Global survey of almost 10,000 academic economists shows: Many economists think that economic research should become more policy relevant, multidisciplinary, and disruptive, and pursue more diverse research topics.
Science and research matter. They shape how we think about ourselves, how we live together, and how we design policies. What researchers work on, which topics they choose, and how they resolve trade-offs between different research objectives is therefore of central societal importance. However, the question about what is “interesting” and “worth knowing” cannot be answered scientifically. Instead, researchers must retreat to their intuition and personal value judgments.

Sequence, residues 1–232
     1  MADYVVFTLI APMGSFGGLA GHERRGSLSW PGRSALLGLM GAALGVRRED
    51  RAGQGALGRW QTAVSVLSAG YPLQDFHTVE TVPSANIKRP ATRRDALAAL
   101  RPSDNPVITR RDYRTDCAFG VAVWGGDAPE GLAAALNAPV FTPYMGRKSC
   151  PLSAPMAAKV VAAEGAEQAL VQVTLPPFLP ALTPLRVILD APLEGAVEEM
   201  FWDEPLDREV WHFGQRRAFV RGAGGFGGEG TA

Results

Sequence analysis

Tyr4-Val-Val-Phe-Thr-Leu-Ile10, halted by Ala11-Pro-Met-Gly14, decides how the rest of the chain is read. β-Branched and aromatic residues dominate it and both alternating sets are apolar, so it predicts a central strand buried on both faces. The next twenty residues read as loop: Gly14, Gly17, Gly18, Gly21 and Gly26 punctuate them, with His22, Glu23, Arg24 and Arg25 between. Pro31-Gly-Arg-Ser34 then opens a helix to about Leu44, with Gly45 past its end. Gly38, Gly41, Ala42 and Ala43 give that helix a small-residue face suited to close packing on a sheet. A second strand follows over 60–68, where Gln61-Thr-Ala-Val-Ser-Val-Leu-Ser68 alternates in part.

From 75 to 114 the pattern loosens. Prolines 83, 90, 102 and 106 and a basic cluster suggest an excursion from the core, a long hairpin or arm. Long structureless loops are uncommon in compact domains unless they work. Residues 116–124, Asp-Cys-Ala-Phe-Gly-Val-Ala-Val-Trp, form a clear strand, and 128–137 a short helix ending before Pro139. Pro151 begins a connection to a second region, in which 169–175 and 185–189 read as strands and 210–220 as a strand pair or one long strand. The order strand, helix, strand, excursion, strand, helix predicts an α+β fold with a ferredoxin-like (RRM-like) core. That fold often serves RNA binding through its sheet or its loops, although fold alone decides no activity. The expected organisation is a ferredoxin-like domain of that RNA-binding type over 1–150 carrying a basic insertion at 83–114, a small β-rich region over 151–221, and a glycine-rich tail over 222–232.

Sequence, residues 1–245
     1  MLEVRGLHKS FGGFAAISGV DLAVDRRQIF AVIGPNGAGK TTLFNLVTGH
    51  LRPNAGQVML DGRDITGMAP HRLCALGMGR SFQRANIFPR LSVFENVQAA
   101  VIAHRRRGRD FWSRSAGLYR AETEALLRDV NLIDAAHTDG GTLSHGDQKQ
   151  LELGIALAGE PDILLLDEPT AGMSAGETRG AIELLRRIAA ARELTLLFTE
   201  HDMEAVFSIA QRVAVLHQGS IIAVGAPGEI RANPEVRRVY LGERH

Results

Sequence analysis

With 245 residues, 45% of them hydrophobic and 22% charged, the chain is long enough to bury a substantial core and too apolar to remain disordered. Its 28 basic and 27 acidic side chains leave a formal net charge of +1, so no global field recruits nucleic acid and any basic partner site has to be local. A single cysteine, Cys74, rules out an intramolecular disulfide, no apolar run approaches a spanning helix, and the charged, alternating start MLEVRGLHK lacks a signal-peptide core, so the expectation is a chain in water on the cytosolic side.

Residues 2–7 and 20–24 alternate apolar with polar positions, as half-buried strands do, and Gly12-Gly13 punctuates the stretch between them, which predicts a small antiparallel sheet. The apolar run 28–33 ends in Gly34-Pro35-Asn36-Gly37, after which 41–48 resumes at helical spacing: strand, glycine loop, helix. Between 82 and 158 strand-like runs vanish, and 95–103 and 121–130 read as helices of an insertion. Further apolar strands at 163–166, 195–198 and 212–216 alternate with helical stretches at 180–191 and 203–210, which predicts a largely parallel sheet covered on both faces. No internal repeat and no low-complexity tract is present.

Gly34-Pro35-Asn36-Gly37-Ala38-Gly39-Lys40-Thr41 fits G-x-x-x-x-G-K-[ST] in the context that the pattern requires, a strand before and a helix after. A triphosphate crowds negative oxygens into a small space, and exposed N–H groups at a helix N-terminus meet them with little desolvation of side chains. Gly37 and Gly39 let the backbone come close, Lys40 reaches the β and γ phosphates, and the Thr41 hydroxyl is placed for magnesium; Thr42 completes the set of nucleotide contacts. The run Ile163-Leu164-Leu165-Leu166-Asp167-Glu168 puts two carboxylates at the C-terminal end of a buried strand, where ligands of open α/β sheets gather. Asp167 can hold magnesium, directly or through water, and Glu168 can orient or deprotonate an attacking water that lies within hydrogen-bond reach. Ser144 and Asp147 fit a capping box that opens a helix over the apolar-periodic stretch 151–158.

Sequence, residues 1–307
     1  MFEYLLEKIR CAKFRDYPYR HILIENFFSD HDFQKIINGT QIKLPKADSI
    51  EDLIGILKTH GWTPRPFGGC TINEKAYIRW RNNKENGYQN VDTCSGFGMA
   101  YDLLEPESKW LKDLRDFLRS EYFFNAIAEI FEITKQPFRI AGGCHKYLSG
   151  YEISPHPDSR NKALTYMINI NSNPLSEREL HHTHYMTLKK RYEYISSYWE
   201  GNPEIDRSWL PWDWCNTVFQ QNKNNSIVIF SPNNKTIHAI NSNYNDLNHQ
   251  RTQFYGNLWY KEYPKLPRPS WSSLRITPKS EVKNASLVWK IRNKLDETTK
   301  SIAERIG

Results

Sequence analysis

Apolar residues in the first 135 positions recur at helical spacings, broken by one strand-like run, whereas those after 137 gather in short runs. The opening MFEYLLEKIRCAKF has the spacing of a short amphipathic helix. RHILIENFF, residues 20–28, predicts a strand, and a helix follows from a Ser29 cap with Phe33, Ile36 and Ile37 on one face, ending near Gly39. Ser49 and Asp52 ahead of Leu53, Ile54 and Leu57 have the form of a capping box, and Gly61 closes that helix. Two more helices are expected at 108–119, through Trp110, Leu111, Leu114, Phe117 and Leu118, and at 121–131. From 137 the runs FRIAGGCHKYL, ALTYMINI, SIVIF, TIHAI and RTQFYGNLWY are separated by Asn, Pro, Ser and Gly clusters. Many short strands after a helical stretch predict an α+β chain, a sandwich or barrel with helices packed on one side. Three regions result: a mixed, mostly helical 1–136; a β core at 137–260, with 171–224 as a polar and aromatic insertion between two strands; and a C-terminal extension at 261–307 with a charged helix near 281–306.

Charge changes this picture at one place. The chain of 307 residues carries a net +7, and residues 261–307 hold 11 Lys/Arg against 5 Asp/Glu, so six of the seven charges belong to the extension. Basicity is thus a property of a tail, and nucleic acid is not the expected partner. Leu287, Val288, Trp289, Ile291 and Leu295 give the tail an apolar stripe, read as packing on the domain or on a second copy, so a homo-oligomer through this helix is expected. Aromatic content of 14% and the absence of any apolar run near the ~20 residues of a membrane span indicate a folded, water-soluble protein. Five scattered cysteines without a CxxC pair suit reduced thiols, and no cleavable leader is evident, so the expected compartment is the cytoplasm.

How do economists think about this “problem of problem choice”? Which fundamental research objectives do they think economists should pursue? Which research topics should they explore? In search for answers, briq researchers Peter Andre and Armin Falk conducted a global survey of almost 10,000 academic economists about their views on what is worth knowing in economics.